GEORG AGRICOLA (1494 - 1555). De Ortu et Causis Subterraneorum [and other works]. Basel: Hieronymus Frobenius and Nikolaus Episcopius, 1546.

From 1518 to 1522, Agricola studied medicine and chemistry and in 1527, he opened a medical practice in Joachimsthal, Czechoslovakia. In this locality, with the mining activities of the surrounding area impacting his daily life, Agricola began to study mining techniques and mineralogy, and he became one of the extraordinary scientists of his age. For his works that dealt with mining and mineralogy, he was labeled "the father of mineralogy."

The first work in the collected edition, De Ortu et Causis Subterraneorum (On Subterranean Origins and Causes), appears here for the first time. It discusses the origin and distribution of ground water and mineralizing juices, the origin of subterranean heat, the origin of ore channels, and the principal divisions of the mineral kingdom as given in De Natura Fossilium.

Also making its first appearance in this 1546 book is Agricola's De Natura Fossilium (On the Nature of Fossils), his most important statement on mineralogy. De Natura Fossilium is often cited as the publication that marked the beginning of mineralogy as a science. In this work, Agricola rejected the general view of Aristotle that stones, metals, and gems had their origin in the influence of heavenly bodies. Instead he looked to natural causes, to the solution of minerals in liquids and their precipitation by gravity, heat, cold, and evaporation. Agricola's system of classification exhibits a degree of generalization not found in earlier handbooks.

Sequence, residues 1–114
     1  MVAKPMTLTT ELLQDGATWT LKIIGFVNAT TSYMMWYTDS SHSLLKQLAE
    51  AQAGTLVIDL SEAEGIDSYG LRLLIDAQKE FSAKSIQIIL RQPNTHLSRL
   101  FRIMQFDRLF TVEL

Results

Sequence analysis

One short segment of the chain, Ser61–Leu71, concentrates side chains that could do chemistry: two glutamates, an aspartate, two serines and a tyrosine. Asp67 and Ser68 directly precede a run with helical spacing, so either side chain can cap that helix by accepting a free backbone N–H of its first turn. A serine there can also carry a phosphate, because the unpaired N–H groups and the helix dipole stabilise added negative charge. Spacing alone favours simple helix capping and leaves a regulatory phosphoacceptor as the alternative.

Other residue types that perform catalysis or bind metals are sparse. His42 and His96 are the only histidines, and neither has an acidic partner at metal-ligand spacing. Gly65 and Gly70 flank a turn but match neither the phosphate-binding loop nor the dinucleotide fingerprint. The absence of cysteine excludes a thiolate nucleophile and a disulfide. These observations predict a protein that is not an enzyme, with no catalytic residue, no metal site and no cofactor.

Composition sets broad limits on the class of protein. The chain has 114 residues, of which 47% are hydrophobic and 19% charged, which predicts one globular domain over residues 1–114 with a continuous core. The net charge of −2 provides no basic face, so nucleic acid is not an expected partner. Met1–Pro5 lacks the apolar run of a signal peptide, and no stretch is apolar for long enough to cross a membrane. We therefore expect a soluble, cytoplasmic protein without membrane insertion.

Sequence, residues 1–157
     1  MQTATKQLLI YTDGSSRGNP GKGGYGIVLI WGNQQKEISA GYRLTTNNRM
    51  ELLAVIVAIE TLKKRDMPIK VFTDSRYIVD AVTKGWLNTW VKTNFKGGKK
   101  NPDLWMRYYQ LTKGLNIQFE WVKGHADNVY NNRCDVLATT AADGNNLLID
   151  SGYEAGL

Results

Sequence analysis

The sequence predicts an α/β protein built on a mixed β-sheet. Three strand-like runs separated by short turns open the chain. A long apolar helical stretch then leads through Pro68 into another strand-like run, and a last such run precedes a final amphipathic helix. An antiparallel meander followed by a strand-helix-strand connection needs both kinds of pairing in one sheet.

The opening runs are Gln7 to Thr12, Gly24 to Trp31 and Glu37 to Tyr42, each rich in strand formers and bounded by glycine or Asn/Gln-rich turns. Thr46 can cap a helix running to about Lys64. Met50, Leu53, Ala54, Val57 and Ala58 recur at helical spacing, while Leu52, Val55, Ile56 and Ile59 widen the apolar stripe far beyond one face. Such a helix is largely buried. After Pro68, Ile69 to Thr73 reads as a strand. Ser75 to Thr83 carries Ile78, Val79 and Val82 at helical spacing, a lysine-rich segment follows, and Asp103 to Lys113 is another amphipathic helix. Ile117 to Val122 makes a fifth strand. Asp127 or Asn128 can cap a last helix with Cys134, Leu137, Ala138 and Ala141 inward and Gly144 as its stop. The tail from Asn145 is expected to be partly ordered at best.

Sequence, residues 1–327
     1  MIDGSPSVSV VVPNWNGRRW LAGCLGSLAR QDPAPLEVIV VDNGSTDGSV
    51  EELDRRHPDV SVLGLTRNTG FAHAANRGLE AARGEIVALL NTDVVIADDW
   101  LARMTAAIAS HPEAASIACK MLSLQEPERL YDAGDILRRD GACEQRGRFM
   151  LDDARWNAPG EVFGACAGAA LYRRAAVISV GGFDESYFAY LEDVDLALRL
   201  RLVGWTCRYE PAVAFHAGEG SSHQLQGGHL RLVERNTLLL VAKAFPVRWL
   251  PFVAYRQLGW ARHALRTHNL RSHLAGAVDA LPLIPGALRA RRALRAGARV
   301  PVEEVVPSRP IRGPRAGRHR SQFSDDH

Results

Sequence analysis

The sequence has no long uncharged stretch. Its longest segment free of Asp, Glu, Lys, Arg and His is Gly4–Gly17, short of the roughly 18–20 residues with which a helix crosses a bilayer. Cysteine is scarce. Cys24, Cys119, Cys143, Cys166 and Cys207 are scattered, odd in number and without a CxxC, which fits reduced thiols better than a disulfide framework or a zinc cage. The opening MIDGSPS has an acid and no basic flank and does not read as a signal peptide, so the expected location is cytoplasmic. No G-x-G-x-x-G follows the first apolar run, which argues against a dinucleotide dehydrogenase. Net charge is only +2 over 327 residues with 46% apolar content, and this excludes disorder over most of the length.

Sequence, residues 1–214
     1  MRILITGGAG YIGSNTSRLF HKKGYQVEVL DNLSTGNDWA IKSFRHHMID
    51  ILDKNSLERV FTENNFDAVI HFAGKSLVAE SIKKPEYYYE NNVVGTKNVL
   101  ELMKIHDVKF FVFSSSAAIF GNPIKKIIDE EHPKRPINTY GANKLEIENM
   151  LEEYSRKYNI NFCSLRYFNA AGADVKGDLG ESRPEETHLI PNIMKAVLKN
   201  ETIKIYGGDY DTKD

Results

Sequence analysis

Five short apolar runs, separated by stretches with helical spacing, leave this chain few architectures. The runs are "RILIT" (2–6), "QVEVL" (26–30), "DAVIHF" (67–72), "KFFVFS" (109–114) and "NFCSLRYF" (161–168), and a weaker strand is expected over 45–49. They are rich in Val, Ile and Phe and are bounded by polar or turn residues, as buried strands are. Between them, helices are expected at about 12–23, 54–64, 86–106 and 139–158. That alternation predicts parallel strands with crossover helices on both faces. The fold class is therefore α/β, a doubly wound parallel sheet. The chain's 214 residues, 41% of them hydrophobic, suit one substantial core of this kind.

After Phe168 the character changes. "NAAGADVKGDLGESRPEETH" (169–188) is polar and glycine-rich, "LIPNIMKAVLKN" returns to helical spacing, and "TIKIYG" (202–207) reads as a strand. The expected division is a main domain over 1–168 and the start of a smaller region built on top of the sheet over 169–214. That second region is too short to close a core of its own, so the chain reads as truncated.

Agricola was a practical man and the De Natura Fossilium contains detailed descriptions of the characteristics of minerals such as color, brilliance, taste, shape, hardness, etc. Among the substances described are salt, soda, potash, saltpeter, alum, vitriol, orpiment, camphor, bitumen, coal, amber, lodestone, bloodstone, gypsum, talc, asbestos, mica, geodes and various fossils, fluorite, quartz, marble, serpentine, onyx, alabaster, limestone, gold, silver, copper, lead, quicksilver, iron, tin, antimony, and zinc. Also included are descriptions of useful operations such as gilding and making brass.

Schuh, Curtis P. Mineralogy & Crystallography: An Annotated Bibliography of Books Published 1469 through 1919. Tucson: privately published, 2005, p20.

List of books in exhibit (links go to author information and references)